Horror Paves the Way for Groundbreaking Mainstream Cinema


I sadly hold a negative view of the modern film industry and have a pessimistic outlook on the future of mainstream films. Films seem to be made purely for profit, and therefore must conform to genre conventions to satisfy the expectations of a multiplex audience. A saturation exists of demeaning comedies, trashy romcoms, and horrifically banal, formulaic superhero films. Don’t get me wrong, there are some outstanding, groundbreaking films that appear now and again at the multiplex, but they are a rarity and usually defy genre. You would usually have to travel to an independent or arthouse cinema to catch a film that really makes a unique impression or artistic impact; it is sad that multiplexes don’t sacrifice their risk of not turning a profit, in showing a truly groundbreaking film. However, a recent unexpected trend has emerged, where cinematic boundaries are being broken – and this is found in the modern horror film.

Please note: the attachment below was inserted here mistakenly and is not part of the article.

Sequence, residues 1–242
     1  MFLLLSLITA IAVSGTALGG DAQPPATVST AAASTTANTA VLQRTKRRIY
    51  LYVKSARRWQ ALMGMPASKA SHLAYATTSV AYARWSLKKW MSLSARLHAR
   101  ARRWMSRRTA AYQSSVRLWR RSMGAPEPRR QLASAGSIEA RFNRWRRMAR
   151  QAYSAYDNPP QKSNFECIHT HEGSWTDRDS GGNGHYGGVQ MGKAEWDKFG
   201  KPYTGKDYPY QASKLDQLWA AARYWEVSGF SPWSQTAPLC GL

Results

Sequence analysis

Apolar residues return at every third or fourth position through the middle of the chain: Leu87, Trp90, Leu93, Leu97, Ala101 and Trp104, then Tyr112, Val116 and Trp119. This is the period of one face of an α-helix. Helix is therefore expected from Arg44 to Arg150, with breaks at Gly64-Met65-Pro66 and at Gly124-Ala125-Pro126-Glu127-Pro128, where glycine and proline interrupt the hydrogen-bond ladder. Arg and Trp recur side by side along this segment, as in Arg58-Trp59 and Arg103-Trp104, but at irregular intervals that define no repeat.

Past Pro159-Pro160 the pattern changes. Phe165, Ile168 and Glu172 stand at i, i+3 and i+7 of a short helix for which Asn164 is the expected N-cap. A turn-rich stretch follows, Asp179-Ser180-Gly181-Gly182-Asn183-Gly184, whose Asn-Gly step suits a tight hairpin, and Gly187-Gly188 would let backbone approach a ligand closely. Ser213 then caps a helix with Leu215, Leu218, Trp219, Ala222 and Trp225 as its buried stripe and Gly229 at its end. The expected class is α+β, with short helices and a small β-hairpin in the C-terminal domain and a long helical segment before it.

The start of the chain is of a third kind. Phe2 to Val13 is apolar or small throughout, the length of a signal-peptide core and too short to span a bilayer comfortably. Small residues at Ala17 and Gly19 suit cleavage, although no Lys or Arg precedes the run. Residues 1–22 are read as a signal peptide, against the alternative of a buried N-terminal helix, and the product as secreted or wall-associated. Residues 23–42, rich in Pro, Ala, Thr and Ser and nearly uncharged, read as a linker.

Horror was once the weakest genre, most filled with clichés. Jump scares were held as a must, and manufactured music techniques were relied upon to create any kind of tension. These conventions have been blown out the water by a selection of new-wave horror films in the last 5 years, setting a precedent of genre experimentation. Recent horror attempts to revisit the usual style have flopped and looked down upon for producing something thoroughly uninspiring. Mark Kermode named Winchester as one of his worst films of 2018, which featured another haunted house plot, and tried to bring in Helen Mirren as an attempt to flog a dead horse. Unsurprisingly, it made no commercial impact either.

Similarly, the industry relies on reboots as an excuse to gain commercial interest, so they don’t have to put the effort into producing something unusual and interesting. If Happy Death Day wasn’t bad enough to begin with, they returned with the unrequested Happy Death Day 2U (the title being an amusingly blatant attempt to appeal to the younger market). As well as the iconic Halloween being tarnished by a quite frankly rubbish remake which reused a similar score to try and bring reminiscence, but with a wholeheartedly uninteresting plot. Both remakes also failed to make an impact.